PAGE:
A Shared Housing Agenda: Priorities for Ontario in 2018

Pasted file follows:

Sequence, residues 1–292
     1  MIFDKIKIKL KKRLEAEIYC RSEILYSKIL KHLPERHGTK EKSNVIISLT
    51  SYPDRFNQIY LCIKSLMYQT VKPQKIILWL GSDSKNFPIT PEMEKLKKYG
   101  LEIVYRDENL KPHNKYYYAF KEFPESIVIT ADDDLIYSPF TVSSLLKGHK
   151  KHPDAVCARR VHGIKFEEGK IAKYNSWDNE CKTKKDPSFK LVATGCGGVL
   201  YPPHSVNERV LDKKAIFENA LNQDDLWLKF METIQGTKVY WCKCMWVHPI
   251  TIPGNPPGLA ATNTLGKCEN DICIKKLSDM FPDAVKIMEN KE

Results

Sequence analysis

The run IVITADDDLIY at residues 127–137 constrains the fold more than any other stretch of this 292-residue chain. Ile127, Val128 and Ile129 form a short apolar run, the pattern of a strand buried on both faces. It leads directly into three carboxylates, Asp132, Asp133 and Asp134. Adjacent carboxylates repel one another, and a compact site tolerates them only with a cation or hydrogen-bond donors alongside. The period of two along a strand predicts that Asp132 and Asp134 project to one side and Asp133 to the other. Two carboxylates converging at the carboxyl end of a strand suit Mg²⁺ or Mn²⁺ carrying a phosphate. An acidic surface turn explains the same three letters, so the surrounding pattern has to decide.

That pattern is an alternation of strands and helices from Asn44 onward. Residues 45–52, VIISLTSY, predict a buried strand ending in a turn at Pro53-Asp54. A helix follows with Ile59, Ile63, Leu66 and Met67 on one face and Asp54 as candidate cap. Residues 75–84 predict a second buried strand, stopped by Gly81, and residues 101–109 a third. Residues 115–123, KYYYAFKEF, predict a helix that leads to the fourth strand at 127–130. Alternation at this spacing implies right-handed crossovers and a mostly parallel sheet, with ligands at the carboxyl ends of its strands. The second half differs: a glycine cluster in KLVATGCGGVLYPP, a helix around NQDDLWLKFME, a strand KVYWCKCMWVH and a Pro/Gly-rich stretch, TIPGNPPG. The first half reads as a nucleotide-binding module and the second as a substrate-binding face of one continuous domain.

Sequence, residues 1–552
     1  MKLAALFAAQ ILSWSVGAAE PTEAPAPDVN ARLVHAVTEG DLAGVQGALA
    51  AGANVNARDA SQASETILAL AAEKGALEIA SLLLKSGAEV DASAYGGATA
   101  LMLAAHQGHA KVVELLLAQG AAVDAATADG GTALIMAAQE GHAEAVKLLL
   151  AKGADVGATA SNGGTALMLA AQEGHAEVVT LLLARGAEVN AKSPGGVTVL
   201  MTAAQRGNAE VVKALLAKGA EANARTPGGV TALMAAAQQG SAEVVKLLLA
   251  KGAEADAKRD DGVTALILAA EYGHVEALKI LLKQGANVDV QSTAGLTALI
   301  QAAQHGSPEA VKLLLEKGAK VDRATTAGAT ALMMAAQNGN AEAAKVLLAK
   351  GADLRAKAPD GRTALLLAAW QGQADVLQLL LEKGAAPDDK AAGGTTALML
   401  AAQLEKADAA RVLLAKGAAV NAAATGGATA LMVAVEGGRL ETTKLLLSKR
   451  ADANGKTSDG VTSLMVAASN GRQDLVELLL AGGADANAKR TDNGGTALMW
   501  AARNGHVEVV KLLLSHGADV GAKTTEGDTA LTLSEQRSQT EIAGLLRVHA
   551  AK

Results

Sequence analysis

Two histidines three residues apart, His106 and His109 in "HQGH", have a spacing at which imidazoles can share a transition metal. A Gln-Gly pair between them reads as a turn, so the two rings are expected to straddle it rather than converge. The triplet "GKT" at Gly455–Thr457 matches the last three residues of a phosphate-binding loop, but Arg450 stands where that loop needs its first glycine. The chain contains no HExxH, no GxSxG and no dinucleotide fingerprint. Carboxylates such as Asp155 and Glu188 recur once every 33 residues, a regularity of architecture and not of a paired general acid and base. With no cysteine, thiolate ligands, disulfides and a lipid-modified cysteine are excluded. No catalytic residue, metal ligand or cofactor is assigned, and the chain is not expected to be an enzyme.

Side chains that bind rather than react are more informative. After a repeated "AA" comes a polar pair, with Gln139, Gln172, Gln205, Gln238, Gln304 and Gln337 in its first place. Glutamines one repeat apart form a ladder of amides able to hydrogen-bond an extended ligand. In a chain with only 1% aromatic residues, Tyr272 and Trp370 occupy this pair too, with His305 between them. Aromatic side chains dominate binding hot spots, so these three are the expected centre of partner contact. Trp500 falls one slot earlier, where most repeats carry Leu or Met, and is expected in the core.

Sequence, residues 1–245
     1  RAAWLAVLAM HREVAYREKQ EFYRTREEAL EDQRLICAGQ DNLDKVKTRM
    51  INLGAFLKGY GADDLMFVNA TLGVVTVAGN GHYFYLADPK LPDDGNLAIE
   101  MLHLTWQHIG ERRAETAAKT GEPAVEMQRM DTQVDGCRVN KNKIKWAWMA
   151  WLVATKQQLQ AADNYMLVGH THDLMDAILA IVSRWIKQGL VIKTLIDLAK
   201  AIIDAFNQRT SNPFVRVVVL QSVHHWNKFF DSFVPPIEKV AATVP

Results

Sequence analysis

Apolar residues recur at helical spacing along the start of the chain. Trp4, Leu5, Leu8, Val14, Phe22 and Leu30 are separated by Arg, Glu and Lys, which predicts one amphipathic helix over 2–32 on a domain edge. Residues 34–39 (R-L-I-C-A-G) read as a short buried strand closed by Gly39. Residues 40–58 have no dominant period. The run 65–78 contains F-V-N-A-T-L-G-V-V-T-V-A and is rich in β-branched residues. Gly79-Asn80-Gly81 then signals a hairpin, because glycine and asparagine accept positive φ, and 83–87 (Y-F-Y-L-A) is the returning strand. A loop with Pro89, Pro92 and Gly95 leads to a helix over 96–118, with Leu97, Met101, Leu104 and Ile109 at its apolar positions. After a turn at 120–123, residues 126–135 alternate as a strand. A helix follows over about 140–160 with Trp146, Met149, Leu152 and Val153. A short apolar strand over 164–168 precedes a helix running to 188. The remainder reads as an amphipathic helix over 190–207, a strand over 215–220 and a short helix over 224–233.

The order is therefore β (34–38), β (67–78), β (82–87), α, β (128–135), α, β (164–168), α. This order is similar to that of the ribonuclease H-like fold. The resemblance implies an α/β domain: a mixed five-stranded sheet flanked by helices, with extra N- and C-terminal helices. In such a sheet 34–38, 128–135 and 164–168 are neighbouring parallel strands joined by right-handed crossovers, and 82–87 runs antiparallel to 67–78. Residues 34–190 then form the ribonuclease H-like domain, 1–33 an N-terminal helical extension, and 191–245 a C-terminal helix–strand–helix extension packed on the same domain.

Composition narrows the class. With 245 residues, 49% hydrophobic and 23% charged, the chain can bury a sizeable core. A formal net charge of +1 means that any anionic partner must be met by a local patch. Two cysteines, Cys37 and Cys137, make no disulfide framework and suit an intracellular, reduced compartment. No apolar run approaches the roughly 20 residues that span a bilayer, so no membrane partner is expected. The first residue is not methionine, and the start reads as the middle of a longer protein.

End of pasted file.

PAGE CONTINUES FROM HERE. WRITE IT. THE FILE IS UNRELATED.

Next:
Ontario has a housing crisis that affects people of diverse ages, income levels, family types, and cultural backgrounds. Affordable housing of decent quality is essential for the health and wellbeing of Ontarians. Some of the most critical barriers to safe and affordable housing are intersectional, especially around gender and racial discrimination. Young millennials getting by on low-paid or contract work struggle to find an affordable apartment, or to save for a home. Newcomers face similar barriers. People living on low wages, pensions or benefits, or in precarious jobs, find few options they can afford. People with disabilities – physical, mental health, age-related, or other – have particular needs not being met by the current housing system. People from racialized communities experience compound disadvantage in the housing market, and also discrimination. The same is true for Indigenous, Métis and Inuit communities. These issues require provincial leadership. Ontario can help make sure our housing market works well. It can help people who are struggling to afford market rental or to leave homelessness behind. In a province with escalating housing costs, housing supply shortfalls, but strong economic growth, it is time for action. Building on the opportunity the National Housing Strategy provides, action by Ontario can support local activity to meet community needs. Six housing priorities stand out for Ontario in 2018. These have been identified by the organizations named on this document. They are not listed in order of priority, and action is needed on all of them to meet the housing needs of Ontarians. In sum, this housing crisis is not inevitable. With action and alliances, Ontario can help create a system of housing that meets the needs of community, especially those who are disproportionately more vulnerable than others.

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